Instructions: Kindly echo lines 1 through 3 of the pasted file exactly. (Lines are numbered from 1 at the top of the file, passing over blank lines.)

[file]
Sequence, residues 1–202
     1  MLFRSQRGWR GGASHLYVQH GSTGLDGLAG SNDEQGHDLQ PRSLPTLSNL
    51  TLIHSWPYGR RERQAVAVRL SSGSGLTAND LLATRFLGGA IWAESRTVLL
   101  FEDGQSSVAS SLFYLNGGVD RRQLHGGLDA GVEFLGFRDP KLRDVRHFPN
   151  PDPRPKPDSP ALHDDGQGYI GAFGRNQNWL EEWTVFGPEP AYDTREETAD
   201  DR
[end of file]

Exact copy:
Sequence, residues 1–202
     1  MLFRSQRGWR GGASHLYVQH GSTGLDGLAG SNDEQGHDLQ PRSLPTLSNL
    51  TLIHSWPYGR RERQAVAVRL SSGSGLTAND LLATRFLGGA IWAESRTVLL